There's nothing much that I can say about this pleasant late 2012 surprise from dissonant lovelies Virus, especially since I'm focusing on the 5 new tracks, disregarding the Walker Brothers cover and Seen In The Sediments, which was a bonus track on some editions of their previous full-length, The Agent That Shapes The Desert. Out of those five new tracks, one is a leftover from the Carheart sessions and at least one of the other four is partially taken or reconstructed from the aborted 2006 Ved Buens Ende.... sessions, from which only a rare-as-fuck demo resulted and which was the basis for a number of songs and songtitles from The Black Flux (my money's on Inverted Escape, given the name of a track from said sessions called Inward Escape which also calls to mind The Black Flux's Inward Bound). What we have here, then, is a batch of new songs that aren't exactly new nor old. Disregarding the two tracks I first mentioned, these five songs are indeed a welcome gift to the average fan and they're thoroughly enjoyable as a result. My only gripe, as entitled as it might be, is that the inevitable conclusion of such an EP is that dreadful aftertaste of incompleteness, that hunger for more. Surely I can't really complain, since it's the shortest amount of time we've had between batches of new material from this band, but as I said, it's just entitled aftertastes that should be disregarded.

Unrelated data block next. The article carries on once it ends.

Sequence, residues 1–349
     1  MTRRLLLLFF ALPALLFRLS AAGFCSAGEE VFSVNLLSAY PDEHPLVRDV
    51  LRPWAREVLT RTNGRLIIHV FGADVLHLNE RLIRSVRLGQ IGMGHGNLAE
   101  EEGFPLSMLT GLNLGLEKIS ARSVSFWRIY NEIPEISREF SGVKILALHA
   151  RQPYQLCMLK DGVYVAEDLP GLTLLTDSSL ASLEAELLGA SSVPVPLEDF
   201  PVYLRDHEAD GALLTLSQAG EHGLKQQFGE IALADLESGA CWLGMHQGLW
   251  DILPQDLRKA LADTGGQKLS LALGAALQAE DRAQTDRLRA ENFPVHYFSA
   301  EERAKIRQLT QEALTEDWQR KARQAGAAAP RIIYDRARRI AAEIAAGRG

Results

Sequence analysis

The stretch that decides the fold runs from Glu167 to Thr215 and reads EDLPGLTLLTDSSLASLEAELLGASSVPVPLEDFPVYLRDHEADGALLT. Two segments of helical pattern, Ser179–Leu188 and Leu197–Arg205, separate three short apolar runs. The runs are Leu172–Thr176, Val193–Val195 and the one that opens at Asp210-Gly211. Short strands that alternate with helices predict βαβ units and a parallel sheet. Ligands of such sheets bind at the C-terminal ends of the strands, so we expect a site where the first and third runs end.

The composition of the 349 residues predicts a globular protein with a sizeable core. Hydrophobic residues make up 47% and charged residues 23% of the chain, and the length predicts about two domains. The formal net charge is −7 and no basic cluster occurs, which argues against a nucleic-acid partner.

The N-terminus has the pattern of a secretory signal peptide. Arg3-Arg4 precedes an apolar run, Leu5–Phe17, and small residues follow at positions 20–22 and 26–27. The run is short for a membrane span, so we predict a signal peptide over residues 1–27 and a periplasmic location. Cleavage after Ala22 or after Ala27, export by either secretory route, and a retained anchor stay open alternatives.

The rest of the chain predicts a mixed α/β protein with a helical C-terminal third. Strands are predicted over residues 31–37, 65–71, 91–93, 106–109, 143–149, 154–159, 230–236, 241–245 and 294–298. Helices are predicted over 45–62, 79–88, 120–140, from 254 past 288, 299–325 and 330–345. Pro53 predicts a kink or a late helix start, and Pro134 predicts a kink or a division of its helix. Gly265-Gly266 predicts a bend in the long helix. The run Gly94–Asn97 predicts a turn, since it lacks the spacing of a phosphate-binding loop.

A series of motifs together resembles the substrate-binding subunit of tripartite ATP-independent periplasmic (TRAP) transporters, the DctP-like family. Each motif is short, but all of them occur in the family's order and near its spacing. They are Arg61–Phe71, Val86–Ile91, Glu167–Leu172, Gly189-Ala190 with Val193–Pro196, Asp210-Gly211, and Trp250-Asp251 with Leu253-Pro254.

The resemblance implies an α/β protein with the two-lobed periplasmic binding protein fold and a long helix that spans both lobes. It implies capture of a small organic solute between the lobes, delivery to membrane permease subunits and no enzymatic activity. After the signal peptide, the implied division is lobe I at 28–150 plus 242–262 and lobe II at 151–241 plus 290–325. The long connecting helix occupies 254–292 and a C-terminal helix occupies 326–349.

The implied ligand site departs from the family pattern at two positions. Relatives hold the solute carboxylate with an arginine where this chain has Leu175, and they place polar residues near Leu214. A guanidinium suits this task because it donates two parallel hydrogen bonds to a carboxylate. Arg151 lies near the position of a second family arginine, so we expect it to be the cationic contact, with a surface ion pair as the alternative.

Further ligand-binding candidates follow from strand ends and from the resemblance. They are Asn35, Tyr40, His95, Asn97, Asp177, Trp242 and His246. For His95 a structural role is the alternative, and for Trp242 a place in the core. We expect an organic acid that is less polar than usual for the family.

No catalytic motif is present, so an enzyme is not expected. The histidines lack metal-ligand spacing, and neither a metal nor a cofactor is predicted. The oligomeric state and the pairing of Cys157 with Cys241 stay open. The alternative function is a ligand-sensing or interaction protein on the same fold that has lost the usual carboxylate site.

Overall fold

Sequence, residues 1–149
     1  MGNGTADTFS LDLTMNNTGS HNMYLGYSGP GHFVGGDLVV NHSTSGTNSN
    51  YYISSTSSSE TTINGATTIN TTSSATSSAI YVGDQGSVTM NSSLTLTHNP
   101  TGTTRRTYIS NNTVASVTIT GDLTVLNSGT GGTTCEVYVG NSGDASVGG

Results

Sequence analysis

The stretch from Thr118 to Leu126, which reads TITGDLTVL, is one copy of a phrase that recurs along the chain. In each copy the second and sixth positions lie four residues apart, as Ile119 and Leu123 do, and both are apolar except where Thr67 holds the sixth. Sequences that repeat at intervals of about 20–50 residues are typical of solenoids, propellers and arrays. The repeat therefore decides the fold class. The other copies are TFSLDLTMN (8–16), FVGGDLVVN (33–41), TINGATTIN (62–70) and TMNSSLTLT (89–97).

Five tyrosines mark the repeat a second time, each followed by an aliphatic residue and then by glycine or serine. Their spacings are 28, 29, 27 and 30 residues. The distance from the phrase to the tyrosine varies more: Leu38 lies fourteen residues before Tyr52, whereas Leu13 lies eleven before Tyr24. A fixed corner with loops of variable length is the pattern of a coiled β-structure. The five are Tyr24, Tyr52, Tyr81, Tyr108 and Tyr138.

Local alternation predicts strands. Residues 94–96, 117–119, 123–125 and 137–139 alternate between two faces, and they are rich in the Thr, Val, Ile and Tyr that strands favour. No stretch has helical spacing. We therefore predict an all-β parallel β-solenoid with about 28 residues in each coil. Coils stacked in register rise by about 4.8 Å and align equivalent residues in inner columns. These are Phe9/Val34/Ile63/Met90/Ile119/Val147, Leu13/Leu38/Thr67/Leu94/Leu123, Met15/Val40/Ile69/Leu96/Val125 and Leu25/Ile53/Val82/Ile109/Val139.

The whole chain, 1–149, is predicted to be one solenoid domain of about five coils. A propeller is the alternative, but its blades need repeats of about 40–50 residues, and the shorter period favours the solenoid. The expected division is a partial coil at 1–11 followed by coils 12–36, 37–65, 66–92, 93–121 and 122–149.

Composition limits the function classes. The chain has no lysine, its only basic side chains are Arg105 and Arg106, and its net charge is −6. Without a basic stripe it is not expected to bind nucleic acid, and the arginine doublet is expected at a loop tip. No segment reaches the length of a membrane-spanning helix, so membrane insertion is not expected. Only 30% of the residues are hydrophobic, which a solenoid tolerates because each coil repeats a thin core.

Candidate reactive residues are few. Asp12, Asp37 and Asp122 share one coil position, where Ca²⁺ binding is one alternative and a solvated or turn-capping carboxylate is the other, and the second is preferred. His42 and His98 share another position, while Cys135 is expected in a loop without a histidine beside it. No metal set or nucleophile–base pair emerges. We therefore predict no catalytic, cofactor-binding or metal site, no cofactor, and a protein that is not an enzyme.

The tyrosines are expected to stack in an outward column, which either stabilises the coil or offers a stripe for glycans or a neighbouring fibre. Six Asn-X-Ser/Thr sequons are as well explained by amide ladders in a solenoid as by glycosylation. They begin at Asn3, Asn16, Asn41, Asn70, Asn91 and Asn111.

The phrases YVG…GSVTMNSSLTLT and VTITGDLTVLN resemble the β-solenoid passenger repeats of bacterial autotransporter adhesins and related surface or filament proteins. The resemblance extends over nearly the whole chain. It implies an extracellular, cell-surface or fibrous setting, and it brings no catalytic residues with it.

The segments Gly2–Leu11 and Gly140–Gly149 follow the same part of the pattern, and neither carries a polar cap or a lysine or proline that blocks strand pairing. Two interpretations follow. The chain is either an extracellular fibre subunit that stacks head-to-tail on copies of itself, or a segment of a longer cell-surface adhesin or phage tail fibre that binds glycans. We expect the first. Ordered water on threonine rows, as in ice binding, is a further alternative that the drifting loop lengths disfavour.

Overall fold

Over the course of their existence Virus became ever increasingly more complex and at the same time bare. The dissonance and complexity of the riffs, chords and arrangements has increased at a regular rate, as have the darker themes and doomier tempos. Nowhere is this more obvious than on the four properly new tracks. Far gone, in these new offerings, is the campy, rocky feel of Carheart. If anything, the thick and complex sounds of Black Flux converge here with the fine and skeletal mastery of dissonance presented in The Agent, to create something of a bridge between the two, while adding a modest number of new flavours, mainly in the shape of the sheer aggressiveness and speed of Inverted Escape, which presents what might be the fastest pace the band has had since the Carheart days but with a level of complexity towards which said album only managed to hint. This is the highlight of the EP, for sure. Ascending and descending dissonant arpeggios mixed with the strangest alternative to power chords I've heard this side of Fred Frith or Derek Bailey and a drummer finding himself plowing through a song with an energy that borders on black metal of yore. Otherwise, mid-to-slow tempos dominate the release.

The other interesting tidbit within this album is Saturday Night Virus. As the campy title might suggest, this is a leftover from the Carheart sessions, and it shows. Disco patterns are back with a vengeance while the lyrics and vocals are driven by surreal mockery. The riffing is more hard hitting but not nearly as complex and fluent as their latter work would prove to be. Still, it's endearing and even heartwarming in a nostalgic sense. It also doubles as compelling evidence that Virus was born out of some unholy union between Voivod's Nothingface and Public Image Limited's Second Edition (better known as Metal Box) nurtured to adulthood by a retired Ved Buens Ende.....

Perhaps I'm throwing more words at this shortest of releases than it's actually worth it, but I'm a firm believer that Czral & Co. can do no wrong, and that everything they release is at the very least worthy of words of dedication and praise. Here's to a healthy future for the band and to the hopes that their constant evolution won't stop any time soon.